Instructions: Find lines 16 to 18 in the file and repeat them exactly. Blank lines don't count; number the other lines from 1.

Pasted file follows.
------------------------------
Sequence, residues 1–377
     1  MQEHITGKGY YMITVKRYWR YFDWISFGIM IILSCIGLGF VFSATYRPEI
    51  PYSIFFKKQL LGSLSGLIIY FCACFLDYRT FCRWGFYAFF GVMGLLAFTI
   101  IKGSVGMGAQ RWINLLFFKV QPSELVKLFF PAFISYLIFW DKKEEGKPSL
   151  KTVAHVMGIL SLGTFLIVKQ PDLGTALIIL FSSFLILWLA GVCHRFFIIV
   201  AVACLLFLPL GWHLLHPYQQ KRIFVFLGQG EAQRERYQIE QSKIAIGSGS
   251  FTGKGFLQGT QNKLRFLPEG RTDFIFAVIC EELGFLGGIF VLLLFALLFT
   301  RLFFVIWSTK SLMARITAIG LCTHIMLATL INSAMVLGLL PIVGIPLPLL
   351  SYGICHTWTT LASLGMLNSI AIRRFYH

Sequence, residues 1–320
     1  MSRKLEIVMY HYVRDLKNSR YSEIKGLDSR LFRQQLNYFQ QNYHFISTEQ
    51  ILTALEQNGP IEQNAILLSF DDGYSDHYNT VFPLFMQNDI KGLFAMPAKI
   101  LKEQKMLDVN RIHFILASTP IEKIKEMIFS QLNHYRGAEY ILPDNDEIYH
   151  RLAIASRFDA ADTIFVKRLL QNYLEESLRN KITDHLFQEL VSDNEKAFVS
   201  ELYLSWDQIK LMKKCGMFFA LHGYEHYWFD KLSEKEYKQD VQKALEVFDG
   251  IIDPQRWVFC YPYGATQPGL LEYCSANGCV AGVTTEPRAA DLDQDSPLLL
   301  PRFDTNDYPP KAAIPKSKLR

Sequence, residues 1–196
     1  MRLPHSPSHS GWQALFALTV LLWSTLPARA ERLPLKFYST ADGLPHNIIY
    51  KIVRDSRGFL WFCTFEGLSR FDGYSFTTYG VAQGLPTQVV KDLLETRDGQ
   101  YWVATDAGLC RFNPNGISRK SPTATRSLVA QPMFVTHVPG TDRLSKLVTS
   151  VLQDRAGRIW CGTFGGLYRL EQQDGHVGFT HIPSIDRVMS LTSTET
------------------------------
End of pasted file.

   251  IIDPQRWVFC YPYGATQPGL LEYCSANGCV AGVTTEPRAA DLDQDSPLLL
   301  PRFDTNDYPP KAAIPKSKLR

Sequence, residues 1–196